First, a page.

- Here are the headlines on Tuesday, April 20
Steeper cuts to emissions
Boris Johnson is set to announce steeper cuts to the UK’s carbon emissions as he prepares to host the Cop26 international climate change summit in Glasgow in November, it has been reported.
The prime minister will commit to cutting emissions by 78 per cent by 2035 compared with 1990 levels, according to the Financial Times.
The paper, quoting people who had been briefed on the plan, said the announcement would be made this week ahead of a major US summit on Thursday (Apr 22), where President Biden is expected to set out a new US target for reducing emissions.
Outdoor hospitality to reopen in Wales
Six people from different households will be able to meet outdoors in Wales from Saturday (Apr 24) and outdoor hospitality can reopen from the following Monday (April 26), the first minister has announced.
Mark Drakeford said cases of new coronavirus infections continued to fall, but people making use of the eased restrictions would still need to socially distance from those from other households or support bubbles.
A number of other measures are also expected to be announced on Friday (Apr 23).
Action call on pay for sleep-in shifts
Union and charity leaders have joined forces to urge the government to reform minimum wage laws affecting thousands of care workers.
Unison and Mencap have written jointly to the prime minister saying action is needed ‘urgently’ to amend current rules so that sleep-in shifts, where staff have to stay away from home overnight, are defined as working time.
It follows a court decision last month that hours employees are asleep do not have to be paid at minimum wage rates, only the time they are awake and looking after people.
Experts meeting to cut vaccine development time
A panel of international experts is meeting to consider how the development of vaccines can be accelerated in response to any new pandemic.
The Pandemic Preparedness Partnership will draw up advice on how Boris Johnson’s target of cutting the development of new vaccines to as little as 100 days can be met.
The inaugural two-day virtual conference, chaired by the government’s chief scientific adviser Sir Patrick Vallance, brings together representatives of industry and international organisations with leading scientific experts.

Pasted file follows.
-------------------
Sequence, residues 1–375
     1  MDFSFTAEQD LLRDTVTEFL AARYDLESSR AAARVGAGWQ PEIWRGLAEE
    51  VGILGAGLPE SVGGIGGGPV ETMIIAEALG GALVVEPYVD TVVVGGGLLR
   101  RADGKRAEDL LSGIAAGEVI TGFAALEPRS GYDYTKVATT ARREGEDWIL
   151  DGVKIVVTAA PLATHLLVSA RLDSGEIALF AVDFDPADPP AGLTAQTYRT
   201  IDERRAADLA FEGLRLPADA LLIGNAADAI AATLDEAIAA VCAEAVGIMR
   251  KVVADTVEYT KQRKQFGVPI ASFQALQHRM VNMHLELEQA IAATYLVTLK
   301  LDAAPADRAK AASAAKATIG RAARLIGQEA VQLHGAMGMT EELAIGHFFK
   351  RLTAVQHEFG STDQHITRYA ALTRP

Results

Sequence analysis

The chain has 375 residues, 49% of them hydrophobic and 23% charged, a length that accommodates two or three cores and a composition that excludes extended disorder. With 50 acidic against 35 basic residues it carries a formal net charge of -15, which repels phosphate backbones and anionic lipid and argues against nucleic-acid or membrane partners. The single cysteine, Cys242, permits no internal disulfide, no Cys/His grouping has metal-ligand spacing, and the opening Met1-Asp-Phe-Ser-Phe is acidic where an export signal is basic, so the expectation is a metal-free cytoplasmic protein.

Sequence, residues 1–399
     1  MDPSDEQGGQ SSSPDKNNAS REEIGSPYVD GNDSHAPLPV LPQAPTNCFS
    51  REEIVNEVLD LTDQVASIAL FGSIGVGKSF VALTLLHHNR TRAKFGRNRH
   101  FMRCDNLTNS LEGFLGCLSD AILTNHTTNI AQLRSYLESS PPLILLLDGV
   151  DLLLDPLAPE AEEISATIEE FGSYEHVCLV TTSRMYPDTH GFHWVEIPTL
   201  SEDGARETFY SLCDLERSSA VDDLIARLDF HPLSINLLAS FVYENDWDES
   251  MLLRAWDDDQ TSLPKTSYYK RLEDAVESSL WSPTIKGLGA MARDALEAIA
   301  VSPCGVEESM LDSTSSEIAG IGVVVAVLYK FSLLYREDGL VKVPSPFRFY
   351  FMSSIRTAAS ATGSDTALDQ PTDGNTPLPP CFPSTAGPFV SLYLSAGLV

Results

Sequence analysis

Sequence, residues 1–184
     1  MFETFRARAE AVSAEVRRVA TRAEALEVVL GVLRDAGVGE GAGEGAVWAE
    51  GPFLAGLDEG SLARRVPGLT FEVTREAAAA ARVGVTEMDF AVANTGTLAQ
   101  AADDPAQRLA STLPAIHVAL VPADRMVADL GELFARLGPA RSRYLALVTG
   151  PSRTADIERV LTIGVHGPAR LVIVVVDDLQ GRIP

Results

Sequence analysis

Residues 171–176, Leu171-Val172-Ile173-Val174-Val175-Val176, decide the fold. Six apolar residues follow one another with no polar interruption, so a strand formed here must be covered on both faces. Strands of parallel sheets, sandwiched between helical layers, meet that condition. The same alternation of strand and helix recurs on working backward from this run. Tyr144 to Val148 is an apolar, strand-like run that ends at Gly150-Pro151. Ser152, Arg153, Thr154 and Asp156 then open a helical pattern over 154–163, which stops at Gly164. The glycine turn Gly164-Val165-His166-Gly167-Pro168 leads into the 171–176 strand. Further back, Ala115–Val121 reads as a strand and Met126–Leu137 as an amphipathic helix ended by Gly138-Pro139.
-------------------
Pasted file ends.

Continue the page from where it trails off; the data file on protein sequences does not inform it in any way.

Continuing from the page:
Record rise in pothole-related breakdowns
A record rise in pothole-related breakdowns on UK roads has been reported.
The RAC said many roads ‘resemble the surface of the Moon’, after it received 4,694 call-outs for vehicles likely damaged by potholes between January and March.
That was a threefold increase on the total of 1,461 during the final three months of 2020, representing the breakdown rescue firm’s largest rise between quarters.
Plans to relax mast rules
Proposed changes in the law that would let telecoms firms make phone masts taller and wider could wipe out mobile signal blind spots, the government has said.
The Department for Digital, Culture, Media and Sport said the proposals will also boost the rollout of 5G technology. New and existing masts could be 5m (16ft 5in) taller and 2m (6ft 7in) wider than currently allowed.
It would enable more equipment to be fitted to them as part of efforts to improve phone signals, while reducing the need for new masts to be built in rural areas.
£15bn education funding boost is called for
A multi-year education recovery package of up to £15bn is needed in England to ensure children catch up on missed learning, a report suggests.
Without significant policy interventions and funding, there could be severe consequences for young people’s education, earnings and life chances, according to the Education Policy Institute think tank.
The government should put in place a three-year funding package of £10bn to £15bn to enable activities, interventions and plans to begin from this September, the preliminary analysis suggests.
Disrupted sleep ‘can increase death risk’
Disrupted sleep could contribute to a higher risk of death, a study suggests.
Research published in the European Heart Journal examined the impact of ‘unconscious wakefulness’ on a person’s risk of dying from heart disease or any cause.
Academics said ‘arousal burden’ was associated with long-term cardiovascular and all-cause mortality in women and to a lesser extent in men.
Councils have Twitter fun over Super League controversy
A number of UK local authorities have made light of the European Super League controversy on social media with their own ‘#EuropeanSuperLeague of Councils’ debate.
The humorous Twitter discussion was sparked by Doncaster Council, whose tweet also included a picture that decreed the champion would be the recipient of a ‘new highways line-painting machine’.
We are delighted to announce we are one of the founding members of the #EuropeanSuperLeague of Councils.
We have signed up alongside Barcelona Council, Milan Council and Handforth Parish Council to this elite group. pic.twitter.com/dgIqJHw7LC
— Doncaster Council (@MyDoncaster) April 19, 2021
Meanwhile, Boris Johnson has vowed ahead of a meeting today (Apr 20) with representatives from football governing bodies that he’ll do everything possible to give the ‘ludicrous’ new competition a ‘straight red’.
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Early fog will clear soon today, says the BBC, and the best of any sunshine will be to the far north and south. There will be rain in the north, heading south to reach central areas, which will be cloudy tonight with the chance of some rain.
It’ll be drier and clearer tonight in the far north and south, although fog will appear in some south-eastern areas.
Wednesday will see fog and rain heading south, but it will turn sunny from the north during the day for most areas, although Scotland will have sunshine throughout. For some south-west areas, cloud will persist.
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